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   Berghaus Freeflow 35+8

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With a longer back system than the Freeflow III 25, this rucksack boasts expandable side pockets which deflate to nothingness when alpine climbing or moving in close country.
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Berghaus Freeflow 35+8

Official Berghaus Freeflow 35+8 specification from Berghaus

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Berghaus Freeflow 35 8

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   Berghaus Freeflow 35+8 Reviews

  Reviewed by Marty Schoo (Australia) on 2005-09-30:
General comments: I manage an adventure company in Australia and I have had my freeflow 35+8 for around 2.5 years now and is still performs as new. It goes to work with me everyday and spends its time carrying first aid, harnesses, helmet, 2L water bladder, rock climbing hardware and a rope as well as the usual suncream and so on. The pack is tough and still only shows minimal signs of wear. The pack won't keep my back dry but it sure stays cool even on hot days. I'm tall and the pack seems to fit my back perfectly by my wife finds it too long. I have only good things to say about this pack and now 4 more of my staff also use the freeflow system.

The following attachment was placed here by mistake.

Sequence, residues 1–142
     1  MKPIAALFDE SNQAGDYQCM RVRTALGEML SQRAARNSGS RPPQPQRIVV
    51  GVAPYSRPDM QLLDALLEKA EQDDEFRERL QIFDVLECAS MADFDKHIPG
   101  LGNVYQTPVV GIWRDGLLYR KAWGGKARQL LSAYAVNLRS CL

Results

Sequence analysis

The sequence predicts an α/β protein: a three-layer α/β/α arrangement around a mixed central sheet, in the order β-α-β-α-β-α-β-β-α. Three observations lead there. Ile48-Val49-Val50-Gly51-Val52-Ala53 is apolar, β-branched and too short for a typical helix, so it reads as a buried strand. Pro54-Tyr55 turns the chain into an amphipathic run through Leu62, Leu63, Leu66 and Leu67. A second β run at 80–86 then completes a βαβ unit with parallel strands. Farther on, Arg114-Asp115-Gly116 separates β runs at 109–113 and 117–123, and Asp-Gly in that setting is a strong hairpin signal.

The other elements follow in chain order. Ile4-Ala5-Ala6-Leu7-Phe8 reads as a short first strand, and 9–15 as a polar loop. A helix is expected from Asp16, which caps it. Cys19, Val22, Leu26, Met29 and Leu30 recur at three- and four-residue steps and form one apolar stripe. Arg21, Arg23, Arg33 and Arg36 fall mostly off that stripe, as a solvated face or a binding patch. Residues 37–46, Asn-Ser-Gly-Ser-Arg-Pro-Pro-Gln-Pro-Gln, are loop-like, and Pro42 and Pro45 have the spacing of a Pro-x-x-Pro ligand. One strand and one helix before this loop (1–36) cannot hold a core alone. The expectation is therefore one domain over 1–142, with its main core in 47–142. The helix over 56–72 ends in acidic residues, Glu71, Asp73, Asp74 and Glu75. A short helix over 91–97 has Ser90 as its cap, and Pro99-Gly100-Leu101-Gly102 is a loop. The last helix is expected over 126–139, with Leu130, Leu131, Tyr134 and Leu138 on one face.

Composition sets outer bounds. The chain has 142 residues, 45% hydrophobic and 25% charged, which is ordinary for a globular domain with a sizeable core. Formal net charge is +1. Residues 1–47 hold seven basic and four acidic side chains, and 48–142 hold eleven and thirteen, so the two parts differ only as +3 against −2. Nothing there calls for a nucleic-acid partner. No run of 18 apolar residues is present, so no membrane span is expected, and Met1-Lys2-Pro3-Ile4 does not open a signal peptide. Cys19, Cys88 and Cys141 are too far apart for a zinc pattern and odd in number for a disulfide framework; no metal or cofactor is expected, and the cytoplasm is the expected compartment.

Reviewed by Paul Fassam (UK) on 2005-09-30:
General comments: This very small pack has an extrodinary amount of space within. I can fit the entire 10 tors kit list and my on extras inside without hassel.

Pros: The ridged back means that even if packed badely the shape remains perfect and the fit incredible.

Cons: My only concern is that the straps do not hold your role mat on very well. However I have used bungees to solve this problem. Your back does get very cold thought.

  Reviewed by Josh Conway (UK) on 2005-09-30:
General comments: I used this when mountaineering in Austria, and it is without a doubt the pinnacle of rucksacks!! The only down side to this rucksack is the lid buckles are hard to get to when Ice Axes/Walking Poles are attached, however with the new design it looks as if this has been remedied. Overall one of the best purchases I've made all year.

  Reviewed by Graeme Lawson (UK) on 2005-09-30: